2. I have wrestled my to-do list into a routine that everyone is on-board with. It hasn’t been easy, but it’s been worth the pain. I second kyooty’s comment, too: shop at night, kid-free. Unlike her, I send my husband with a comprehensive and specific list. It’s better for both of us that way. I wish you luck!

    • yes! when the sons were very tiny I’d send out the comprehensive lists, details down to each number of grams?

  3. This is when you NEED family in town, yes? 🙂

    Or actually, we’ve lately been shopping at the grocery store that has a 3-8 yr old free kiddo drop off area, with computers, cartoons, coloring books, and a babysitter on staff. I hope your store has that — it’s so hard to do it with 2, I can’t imagine 3…!

  4. Omigosh, my son LOVES corn dogs – that’s the day he BUYS lunch, lol.

    I loved how you wrote this. It’s amazing how much crazier things can be once school enters the picture, even if the children are out of the house for part of the day. It’s stressful having to work toward someone else’s clock, and when you can’t control the players.

    I have a friend in a similar situation as you and she does her grocery shopping at night too. I don’t know if you have the energy to do that.

    I haven’t been able to do a thing for the last 6 weeks, as you know. So I’m watching my hubby try to juggle it all. At first I felt guilty and antsy that I wasn’t in there in the thick of the action, but now I’m getting worried that I might be getting a little too used to this life of leisure…(my one job now is to fill out the permission forms and if it’s any consolation, I screw that up too (teacher had to yell for 3 straight days in bright green exclamation marks on my son’s agenda, “Permission slip!”).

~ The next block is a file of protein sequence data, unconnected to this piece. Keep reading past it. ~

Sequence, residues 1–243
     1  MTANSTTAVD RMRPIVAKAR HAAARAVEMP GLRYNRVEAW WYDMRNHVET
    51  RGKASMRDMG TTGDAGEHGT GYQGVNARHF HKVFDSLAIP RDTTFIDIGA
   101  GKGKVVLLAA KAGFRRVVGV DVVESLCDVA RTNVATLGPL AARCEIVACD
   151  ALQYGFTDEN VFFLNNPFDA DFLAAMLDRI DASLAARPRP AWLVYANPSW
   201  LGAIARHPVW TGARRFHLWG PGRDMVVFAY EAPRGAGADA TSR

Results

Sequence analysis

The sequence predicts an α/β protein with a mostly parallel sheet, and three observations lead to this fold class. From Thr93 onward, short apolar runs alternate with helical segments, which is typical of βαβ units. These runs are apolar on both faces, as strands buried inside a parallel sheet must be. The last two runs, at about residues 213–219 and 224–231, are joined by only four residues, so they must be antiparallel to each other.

I do think you will get the swing of this, though!! By Christmas you’ll be a pro 😉

  5. Is it better or worse to say I still don’t get how to schedule it all? I guess this is my first year with two school schedules, loosely bundled by napping baby times… And then the evenings got more complicated by an early and late shift followed by the baby’s later bedtime because well, she snuck in that third or fourth nap for the day.

    I love Cecelia’s phase – working towards someone else’s clock. Though I hate the practice of it.

    I try to go to the grocery on Saturday or Sunday morning. I’m up anyway.

  6. Yes, yes – the days when you couldn’t wait til your kids were in school only to realize that it doesn’t get easier to manage.

    Separately, my youngest won’t eat on pizza day! How crazy is that?

  7. I am totally with you on this, even though I have one fewer child and no elementary school in the mix. I was thinking about writing a post about my typical day in a week, and I couldn’t come up with anything that’s really stuck with me as routine, per se. Like you summed it up so nicely: “Every day is the same, yet every day is different.”

    I like a challenge when things aren’t rooted in routine, but sometimes, it would just be nice to have a familiar rhythm to our day ya know?